During his annual marathon press conference earlier this week, Russian president Vladimir Putin denied that short-range Iskander SS-26 tactical ballistic missiles had been deployed in the western enclave of Kaliningrad. Putin's comments contradict statements made a few days earlier by Major General Igor Konashenkov, who stated, "Rocket and artillery units of the Western Military District are really armed with Iskander tactical missile systems." Putin, in contrast, maintains that no decision has been finalized.
Whether the missiles are there (the German newspaper Bild claims to have satellite imagery showing the systems already in place) or whether Russia has not yet finalized its plans, should the United States be concerned about even the possibility that Iskanders would be deployed and activated in Kaliningrad?
The Iskander has a range of approximately 310 miles and was designed to be a more accurate replacement for the older and less reliable Soviet-era SCUD rocket. The Iskander system is meant to be able to deliver precision, pinpoint strikes on targets. It is a hypersonic rocket (traveling over Mach 5) and is considered to be highly maneuverable in flight in order to evade defensive counter-measures; it can also be retargeted after launch if it is tracking a moving target. The Iskander can be fitted with a variety of conventional or tactical nuclear warheads depending on the mission; it can be used to disrupt communications, destroy bunkers or target ground units.
If deployed and activated in the Kaliningrad region, Iskanders would be able to strike targets in the new NATO members of Poland and the Baltic States, including the locations that have been set aside as the permanent land-based components of a U.S. theater ballistic missile defense (BMD) system in Europe—the radar systems as well as ground-based interceptors (although, at present, U.S. plans to site more advanced SM-3 IIB rockets in Poland within a decade have been put on hold) Significantly, Iskander missiles in Kaliningrad pose no threat to the territories of Russia's traditional European partners further West, notably Germany. That, along with Putin's additional comments about U.S. tactical nuclear weapons still resident in Europe that are "uncontrolled" by Europeans, may indicate that Moscow wants to reframe the issue away from "Russia versus the West" into a narrative which would get "old Europe" to question the value and utility of having the new NATO members and the United States take steps which aggravate relations with Russia.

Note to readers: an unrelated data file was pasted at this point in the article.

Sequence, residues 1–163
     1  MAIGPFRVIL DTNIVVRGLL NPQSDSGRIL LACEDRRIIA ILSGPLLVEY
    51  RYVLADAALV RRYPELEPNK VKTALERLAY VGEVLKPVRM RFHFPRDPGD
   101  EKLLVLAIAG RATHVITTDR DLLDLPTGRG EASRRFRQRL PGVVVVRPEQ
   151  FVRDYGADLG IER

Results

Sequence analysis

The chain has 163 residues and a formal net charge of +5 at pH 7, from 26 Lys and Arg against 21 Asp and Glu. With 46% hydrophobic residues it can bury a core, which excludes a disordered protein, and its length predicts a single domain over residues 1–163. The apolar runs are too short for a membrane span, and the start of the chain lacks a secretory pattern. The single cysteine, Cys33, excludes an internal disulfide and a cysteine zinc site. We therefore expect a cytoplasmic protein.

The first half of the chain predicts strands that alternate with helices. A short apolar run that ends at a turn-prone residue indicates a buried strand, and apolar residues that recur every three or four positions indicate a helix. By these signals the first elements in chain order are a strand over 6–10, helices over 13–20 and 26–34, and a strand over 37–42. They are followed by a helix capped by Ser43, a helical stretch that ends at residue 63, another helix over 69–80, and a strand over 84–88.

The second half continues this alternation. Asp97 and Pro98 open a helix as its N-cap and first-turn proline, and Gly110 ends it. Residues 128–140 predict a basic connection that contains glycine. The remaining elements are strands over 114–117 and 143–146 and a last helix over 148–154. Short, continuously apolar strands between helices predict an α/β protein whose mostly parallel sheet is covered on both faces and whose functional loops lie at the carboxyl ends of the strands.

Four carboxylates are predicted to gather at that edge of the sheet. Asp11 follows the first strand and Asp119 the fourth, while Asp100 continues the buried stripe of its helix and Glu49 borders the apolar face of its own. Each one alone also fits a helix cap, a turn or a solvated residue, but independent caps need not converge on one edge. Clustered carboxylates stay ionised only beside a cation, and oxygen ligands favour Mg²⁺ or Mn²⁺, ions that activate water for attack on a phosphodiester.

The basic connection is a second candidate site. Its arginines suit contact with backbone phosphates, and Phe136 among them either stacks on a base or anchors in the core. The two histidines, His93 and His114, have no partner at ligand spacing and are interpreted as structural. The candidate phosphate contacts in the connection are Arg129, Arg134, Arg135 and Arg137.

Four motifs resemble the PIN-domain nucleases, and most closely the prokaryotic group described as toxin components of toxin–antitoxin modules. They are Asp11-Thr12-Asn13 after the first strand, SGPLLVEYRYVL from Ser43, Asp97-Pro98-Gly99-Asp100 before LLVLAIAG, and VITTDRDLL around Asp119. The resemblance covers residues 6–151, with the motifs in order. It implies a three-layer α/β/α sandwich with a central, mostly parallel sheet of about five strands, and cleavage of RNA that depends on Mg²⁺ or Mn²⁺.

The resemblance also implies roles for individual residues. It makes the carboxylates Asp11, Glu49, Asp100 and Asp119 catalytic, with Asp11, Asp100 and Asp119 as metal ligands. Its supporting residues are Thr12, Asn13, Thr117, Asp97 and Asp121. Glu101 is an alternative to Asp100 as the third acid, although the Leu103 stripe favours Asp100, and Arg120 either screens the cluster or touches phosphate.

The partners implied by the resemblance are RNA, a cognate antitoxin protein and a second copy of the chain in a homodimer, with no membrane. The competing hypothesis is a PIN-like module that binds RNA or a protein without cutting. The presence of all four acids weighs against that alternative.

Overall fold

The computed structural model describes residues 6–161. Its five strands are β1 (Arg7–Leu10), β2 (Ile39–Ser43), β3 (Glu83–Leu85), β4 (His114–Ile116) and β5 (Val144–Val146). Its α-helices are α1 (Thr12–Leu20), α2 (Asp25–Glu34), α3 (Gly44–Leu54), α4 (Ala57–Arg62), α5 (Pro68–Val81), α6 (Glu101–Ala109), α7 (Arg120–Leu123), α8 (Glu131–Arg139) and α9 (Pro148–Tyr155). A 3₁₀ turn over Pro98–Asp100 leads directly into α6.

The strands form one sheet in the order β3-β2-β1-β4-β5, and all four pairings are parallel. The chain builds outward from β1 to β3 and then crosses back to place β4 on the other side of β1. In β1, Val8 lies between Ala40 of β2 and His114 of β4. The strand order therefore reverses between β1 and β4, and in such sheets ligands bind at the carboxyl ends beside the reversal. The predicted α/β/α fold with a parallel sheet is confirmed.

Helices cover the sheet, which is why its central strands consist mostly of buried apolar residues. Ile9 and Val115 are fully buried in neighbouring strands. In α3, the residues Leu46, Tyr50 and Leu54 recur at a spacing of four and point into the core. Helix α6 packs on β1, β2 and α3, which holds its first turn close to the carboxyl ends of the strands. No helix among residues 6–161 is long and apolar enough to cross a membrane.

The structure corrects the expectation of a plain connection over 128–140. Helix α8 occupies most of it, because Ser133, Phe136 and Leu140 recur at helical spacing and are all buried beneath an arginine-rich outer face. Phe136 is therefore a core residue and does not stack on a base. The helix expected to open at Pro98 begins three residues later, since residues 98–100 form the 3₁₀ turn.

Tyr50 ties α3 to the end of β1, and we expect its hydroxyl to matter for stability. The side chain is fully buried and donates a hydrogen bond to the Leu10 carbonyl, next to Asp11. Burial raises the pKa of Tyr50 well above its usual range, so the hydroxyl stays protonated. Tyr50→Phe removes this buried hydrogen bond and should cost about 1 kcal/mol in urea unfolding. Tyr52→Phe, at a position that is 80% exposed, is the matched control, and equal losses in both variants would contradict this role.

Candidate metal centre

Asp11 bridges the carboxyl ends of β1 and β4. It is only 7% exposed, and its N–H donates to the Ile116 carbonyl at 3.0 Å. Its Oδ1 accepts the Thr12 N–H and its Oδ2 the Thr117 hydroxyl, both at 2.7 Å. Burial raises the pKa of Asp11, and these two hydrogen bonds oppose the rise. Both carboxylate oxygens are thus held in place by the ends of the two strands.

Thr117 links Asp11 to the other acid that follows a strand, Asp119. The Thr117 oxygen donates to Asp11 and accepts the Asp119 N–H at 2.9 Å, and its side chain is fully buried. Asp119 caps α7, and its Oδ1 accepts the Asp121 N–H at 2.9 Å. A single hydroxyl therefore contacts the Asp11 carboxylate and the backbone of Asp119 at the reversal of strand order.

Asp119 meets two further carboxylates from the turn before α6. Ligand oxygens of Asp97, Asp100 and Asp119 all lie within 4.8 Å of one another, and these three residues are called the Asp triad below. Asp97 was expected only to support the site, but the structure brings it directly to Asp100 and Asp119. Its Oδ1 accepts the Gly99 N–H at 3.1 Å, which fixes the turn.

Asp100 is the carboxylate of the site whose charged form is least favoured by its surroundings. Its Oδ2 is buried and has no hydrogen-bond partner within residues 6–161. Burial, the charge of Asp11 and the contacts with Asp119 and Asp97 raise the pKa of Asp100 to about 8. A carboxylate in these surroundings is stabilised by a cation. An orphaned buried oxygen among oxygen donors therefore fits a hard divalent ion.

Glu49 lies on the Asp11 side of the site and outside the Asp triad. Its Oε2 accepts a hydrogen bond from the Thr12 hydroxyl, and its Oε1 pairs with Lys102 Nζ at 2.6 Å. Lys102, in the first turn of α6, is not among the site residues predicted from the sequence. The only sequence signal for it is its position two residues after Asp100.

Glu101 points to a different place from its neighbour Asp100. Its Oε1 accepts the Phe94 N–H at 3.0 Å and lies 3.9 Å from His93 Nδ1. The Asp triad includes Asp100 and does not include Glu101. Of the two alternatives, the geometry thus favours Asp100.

Indeed, Russia has regularly threatened to install the Iskanders should the United States and its NATO partners proceed with the development of a theater BMD system; one of the most memorable was when former president Dmitry Medvedev declared that Iskanders would be deployed one day after the November 2008 election of Barack Obama. But, in the past, Russia never followed through on these pronouncements, due to concerns that this might create problems in its relations with the West. So what might have changed the Russian calculations?
First, the reset is over. In the past, Russian restraint in not deploying this potent weapons system in an enclave surrounded by NATO members was expected to produce reciprocal gestures, and initially, Moscow interpreted the Obama administration's decision in September 2009 to cancel the Bush-era BMD program as a sign of conciliation. But the Obama team moved to retool, rather than scrap, the Bush plans.